Diva la Grande
By Jim DeRogatis
Turn on MTV or modern-rock radio these days and you can't escape an emaciated waif named Meredith Brooks crooning, "I'm a bitch / I'm a lover / I'm a child / I'm a mother / I'm a sinner / I'm a saint / I do not feel ashamed." No doubt she intends this cloying chorus as a statement of self-empowerment--"Take me as I am!"--but it's just as certain that the guys who program the aforementioned media outlets are getting off on hearing this walking Calvin Klein ad confess that she's a bitch, the same way they got their jollies from listening to her obvious inspiration Alanis Morissette trill about sucking some guy's Tootsie Pop at the movies.
When it comes to issuing statements of strength, individuality, and unabashed sexuality, blues belter Candye Kane outpowers Brooks, Morissette, Tracy Bonham, and the whole rest of the alt-rock sorority, primarily because she outweighs them. Kane proudly describes herself as a "fat, X-rated welfare mom from East LA"; she used to support herself and her child by posing nude for such specialized men's magazines as Plumpers and Big Women. Now that she's also a "bisexual large-size activist," she flaunts her ample charms to get your attention, then cheerfully spreads her message.
"You need a great big woman / You need a queen-size woman / You need a big-butt woman / You need a well-rounded woman / You need a great big woman to show you how to love," she declares on the opening track of Diva la Grande, her third album for the Austin-based Antone's Records. Produced by Dave Alvin of the Blasters and featuring the spirited playing of Kane's backing group, the Swingin' Armadillos, the disc is a solid collection of jump blues, Texas swing, and rockabilly. Kane's vocals range from gritty and growling on the raunchy rockers ("Gifted in the Ways of Love," "I'm In Love With a Girl") to sweeter than pecan pie on the romantic ballads ("It Should Be Rainin'"). But what keeps me coming back is the motivating, titillating nature of her lyrics and the force of her sizable personality.
The fat activist movement has been on the move in this country since the early 70s, with organizations such as the National Association to Advance Fat Acceptance fighting discrimination through initiatives like petitioning airlines to make the seats wider and boycotting TV shows that treat fat people as freaks (The Jenny Jones Show has been a favorite recent target). These groups have some valid points: fat folks are pretty much the only group left that no one has any qualms about making fun of, and Lord knows that the American media's constant emphasis on thin and svelte (more recently in the guise of "fit") has contributed to a serious collective body-image problem. But like many other joyless crusaders, the members of NAAFA define themselves--and seek special status--as victims, and that's a big fat drag.
As evidenced by sassy publications like Fat? So! and Fat Girl, "a zine for fat dykes and the women who want them," a younger, spunkier wave of activists has emerged in recent years, with a prouder, more celebratory message along the lines of, "We're here, we're heavy, get used to it!" Kane is clearly aligned with this crowd, espousing that you can be fat, jolly, and sexy--a message that needs to be heard in rock 'n' roll.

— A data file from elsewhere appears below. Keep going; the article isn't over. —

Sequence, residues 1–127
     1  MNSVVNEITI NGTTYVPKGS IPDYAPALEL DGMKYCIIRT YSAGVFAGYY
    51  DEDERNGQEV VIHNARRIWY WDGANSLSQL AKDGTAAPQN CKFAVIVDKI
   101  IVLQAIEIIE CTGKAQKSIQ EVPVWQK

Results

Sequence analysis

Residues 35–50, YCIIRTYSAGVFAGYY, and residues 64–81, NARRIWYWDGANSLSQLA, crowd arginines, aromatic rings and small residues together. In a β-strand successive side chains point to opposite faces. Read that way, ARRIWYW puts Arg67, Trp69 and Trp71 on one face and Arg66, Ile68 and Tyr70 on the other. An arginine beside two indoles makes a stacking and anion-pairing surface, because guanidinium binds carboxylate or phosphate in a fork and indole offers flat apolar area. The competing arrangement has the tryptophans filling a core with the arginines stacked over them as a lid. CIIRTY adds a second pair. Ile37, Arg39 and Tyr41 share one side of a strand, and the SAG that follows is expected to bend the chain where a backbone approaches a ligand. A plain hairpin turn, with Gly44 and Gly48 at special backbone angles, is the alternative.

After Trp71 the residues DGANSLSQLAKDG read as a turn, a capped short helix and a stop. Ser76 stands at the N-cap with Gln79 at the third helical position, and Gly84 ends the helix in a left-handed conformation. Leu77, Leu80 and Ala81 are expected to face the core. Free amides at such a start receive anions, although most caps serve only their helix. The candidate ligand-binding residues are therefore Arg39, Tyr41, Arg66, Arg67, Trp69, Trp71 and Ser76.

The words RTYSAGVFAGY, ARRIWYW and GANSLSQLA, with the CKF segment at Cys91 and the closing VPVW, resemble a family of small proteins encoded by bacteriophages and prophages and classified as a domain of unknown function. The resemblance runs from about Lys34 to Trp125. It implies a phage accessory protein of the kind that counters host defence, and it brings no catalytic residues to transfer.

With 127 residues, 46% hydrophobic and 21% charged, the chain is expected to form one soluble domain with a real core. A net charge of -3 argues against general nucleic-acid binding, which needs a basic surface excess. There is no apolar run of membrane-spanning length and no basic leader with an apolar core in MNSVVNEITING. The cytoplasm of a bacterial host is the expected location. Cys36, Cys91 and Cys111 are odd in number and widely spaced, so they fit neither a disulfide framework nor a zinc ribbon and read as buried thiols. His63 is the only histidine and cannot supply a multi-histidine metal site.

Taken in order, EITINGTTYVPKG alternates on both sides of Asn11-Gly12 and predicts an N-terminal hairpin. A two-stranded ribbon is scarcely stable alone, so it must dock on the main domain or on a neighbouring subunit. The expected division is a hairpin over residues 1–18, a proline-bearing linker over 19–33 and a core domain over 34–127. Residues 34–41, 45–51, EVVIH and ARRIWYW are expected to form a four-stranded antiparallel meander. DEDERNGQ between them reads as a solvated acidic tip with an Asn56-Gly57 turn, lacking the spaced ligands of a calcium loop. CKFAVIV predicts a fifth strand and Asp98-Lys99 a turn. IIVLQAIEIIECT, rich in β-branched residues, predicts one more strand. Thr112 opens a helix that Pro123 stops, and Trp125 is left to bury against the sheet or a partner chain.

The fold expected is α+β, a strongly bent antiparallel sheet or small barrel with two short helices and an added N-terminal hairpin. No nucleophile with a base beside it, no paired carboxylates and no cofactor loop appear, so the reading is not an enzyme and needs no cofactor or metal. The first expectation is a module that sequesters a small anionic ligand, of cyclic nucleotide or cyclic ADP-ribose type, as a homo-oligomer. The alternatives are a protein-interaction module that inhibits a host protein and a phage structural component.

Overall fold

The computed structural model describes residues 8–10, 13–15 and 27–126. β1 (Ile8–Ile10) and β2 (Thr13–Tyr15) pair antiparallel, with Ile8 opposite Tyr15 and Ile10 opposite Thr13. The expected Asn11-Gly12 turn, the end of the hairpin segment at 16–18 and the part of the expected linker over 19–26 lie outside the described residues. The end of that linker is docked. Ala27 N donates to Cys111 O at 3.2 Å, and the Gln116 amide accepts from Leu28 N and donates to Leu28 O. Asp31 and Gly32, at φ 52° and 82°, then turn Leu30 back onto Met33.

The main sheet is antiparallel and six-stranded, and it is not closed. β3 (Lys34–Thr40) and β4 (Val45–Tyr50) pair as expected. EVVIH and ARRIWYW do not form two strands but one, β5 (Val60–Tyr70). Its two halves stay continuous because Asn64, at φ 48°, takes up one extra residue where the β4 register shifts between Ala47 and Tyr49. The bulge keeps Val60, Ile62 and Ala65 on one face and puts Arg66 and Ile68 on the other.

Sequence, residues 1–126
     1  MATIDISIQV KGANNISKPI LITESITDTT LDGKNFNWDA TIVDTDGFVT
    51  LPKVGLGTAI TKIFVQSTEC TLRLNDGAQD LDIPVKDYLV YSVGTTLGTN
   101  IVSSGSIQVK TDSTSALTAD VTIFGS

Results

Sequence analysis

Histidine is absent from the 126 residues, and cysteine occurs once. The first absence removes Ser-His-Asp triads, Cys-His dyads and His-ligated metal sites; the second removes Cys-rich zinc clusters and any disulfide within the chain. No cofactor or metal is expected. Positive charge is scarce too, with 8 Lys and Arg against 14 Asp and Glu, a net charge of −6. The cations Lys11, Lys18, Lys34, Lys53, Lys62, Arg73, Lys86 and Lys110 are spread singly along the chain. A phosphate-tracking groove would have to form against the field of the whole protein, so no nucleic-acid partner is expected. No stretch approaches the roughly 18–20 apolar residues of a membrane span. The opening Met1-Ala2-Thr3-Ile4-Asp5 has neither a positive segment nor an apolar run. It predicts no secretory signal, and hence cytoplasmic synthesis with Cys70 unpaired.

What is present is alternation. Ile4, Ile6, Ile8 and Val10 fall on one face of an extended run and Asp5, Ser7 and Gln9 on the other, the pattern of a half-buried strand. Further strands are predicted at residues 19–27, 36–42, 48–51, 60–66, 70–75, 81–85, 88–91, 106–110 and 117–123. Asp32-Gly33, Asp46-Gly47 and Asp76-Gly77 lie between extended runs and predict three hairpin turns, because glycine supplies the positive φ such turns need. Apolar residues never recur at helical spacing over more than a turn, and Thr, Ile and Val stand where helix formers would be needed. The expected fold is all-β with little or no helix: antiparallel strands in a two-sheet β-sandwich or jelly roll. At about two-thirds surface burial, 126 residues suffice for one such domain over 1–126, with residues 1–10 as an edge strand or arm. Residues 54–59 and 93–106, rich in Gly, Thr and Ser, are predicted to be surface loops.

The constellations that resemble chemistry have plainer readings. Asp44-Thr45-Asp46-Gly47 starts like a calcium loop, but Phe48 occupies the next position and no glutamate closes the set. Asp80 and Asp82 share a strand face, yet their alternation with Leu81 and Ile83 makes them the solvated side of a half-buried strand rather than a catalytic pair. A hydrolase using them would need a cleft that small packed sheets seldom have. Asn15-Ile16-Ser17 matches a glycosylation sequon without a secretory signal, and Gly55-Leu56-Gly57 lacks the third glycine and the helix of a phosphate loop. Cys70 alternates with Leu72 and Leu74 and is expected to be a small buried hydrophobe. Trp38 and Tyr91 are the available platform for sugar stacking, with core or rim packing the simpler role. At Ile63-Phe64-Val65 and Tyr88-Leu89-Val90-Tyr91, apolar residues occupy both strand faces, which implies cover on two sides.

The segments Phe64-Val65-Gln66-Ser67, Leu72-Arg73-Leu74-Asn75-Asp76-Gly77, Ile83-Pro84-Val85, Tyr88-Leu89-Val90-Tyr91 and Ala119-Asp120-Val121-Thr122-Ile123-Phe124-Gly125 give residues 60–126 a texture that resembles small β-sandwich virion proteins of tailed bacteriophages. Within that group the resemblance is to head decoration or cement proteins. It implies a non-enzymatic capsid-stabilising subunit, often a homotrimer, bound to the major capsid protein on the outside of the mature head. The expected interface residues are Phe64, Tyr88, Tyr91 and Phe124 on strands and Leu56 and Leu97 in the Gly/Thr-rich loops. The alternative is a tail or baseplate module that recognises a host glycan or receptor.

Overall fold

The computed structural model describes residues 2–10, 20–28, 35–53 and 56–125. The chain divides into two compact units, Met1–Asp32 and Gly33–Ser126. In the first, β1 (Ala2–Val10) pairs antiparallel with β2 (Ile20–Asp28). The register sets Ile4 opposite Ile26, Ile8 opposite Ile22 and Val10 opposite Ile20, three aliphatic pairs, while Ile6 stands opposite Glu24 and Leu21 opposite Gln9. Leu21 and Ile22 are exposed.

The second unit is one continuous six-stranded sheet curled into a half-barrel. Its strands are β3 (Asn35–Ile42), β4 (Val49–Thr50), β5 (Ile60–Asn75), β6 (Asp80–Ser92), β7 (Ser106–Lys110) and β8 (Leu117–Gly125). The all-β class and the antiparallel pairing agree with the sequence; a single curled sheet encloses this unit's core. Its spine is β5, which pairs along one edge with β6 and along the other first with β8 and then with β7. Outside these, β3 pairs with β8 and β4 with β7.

Fat pop musicians have suffered some awful indignities, most notably the assumption that they are devoid of sexuality simply because they tip the scales. From Fats Domino to Pere Ubu's David Thomas right up to John Popper of Blues Traveler, fat male singers have been portrayed as clowns rather than sexy, dangerous vocalists in the mold of, I don't know, Gavin Rossdale. (The sole exception would seem to be Barry White, a master of seduction despite his girth.) But the women have had it worse, sometimes barely being portrayed at all: Carnie Wilson of popsters Wilson Phillips and Ann Wilson of the pioneering female hard-rock band Heart have been made to hide behind flowing robes, long coats, and veils in their videos, while their thinner sisters are invariably shown romping around in bikinis. Martha Wash, the rotund R & B diva who powered hits by the C+C Music Factory, was replaced outright in the group's video by a model.
"I like to sing the virtues of the big girl because I never did see myself or women like me on the cover of Cosmo or Vanity Fair," Kane intones over the honky-tonk piano solo that concludes "You Need a Great Big Woman." "I only saw myself on the cover of Plumpers and Big Women and Hefty Mamas. But my message to you is you got to love your body, love yourself, and love everyone else's body if you get the chance. It works for me, baby. So work what you got--whether you've got a little or a lot!"
Kane works it, all right. She comes close to claiming "These Boots Are Made for Walkin'" as her own with a jalapeno-flavored conjunto version that makes clear the S and M undertones Nancy Sinatra only hinted at. While Joan Osborne timidly questions what might happen if God was one of us, Kane states as gospel that "The Lord Was a Woman" (in drag, natch). But the crown jewel on Diva la Grande is the rollicking "All You Can Eat (and You Can Eat It All Night Long)," an old-fashioned risque blues romp that would make Etta James proud. "Hey, you look like a hungry Jack / You want something more / I can give you portions like you've never seen before / All you can eat and you can eat it all night long," she roars, clearly savoring the double entendre.
Best of all, not once does Kane pull her punches by suggesting that she's a bitch for throwing them. And that's why I, for one, would eat some Candye at the movies any day.
Art accompanying story in printed newspaper (not available in this archive): Candye Kane photo/ album cover.